Abu-Bekr Red Fez

Date: c. 1940

 

Description: This fez was worn by a former Potentate of the Abu Bekr Shrine, founded here in Sioux City. The Abu Bekr is part of Shriners International, or the Ancient Arabic Order of the Nobles of the Mystic Shrine, an appendant Masonic Order. Red fezzes like this one are one of the key defining factors of the Shriners. The Shrine was organized here in 1907 and originally included 30 Nobles just from Sioux City. The name was taken from Abu Bekr, a disciple of the Prophet Mohammed. Since its founding the Temple has expanded greatly, taking in members from much of western Iowa and parts of Nebraska and South Dakota. Originally the Temple was a rather small but still lavish building at Ninth and Nebraska Streets, but has since then expanded greatly to include an auditorium, dining hall, card room, Red Fez meeting room and parking lot. The Temple has also purchased many other properties along Eighth and Ninth Streets to expand, and some properties along Jackson Street as well. The Abu Bekr Shrine over the years has organized a Foot Patrol, a White Horse Mounted Patrol, and the annual Shrine Circus, all of which operate in Sioux City to this day. Abu Bekr has also made significant financial contributions not only to the city of Sioux City but to the Shriner’s Hospital for Children, a network of 22 pediatric hospitals who treat patients without any financial obligation from their families. The closest Shriner’s hospital is in the Twin Cities in Minnesota.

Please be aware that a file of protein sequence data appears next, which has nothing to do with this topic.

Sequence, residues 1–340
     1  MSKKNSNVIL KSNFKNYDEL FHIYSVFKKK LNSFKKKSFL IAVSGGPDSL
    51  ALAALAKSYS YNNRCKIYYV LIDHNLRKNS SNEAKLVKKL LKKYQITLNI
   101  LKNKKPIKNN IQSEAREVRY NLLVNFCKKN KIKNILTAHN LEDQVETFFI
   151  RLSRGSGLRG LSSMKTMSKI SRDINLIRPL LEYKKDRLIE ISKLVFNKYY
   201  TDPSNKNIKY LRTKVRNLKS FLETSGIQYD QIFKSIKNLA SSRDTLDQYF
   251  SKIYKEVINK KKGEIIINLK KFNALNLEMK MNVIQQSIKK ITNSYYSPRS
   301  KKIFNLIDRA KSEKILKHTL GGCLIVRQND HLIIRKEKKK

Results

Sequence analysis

Abu Bekr is only one of the Masonic Orders that have been here in Sioux City. Numerous Orders have existed at some point through the years, from women’s groups like the Rebecca Lodge to the Morningside Masonic Temple. At one point the number of Masonic members in Sioux City numbered over 10,000, but many of these Orders did not last or were absorbed by Abu Bekr or the other major Order in town, the Scottish Rite Temple at 8th and Douglas. But these Shrines and Orders form an important part of our history and how our diverse population developed their own styles and clubs over the years.

Donor: Roger Dickinson

 

On display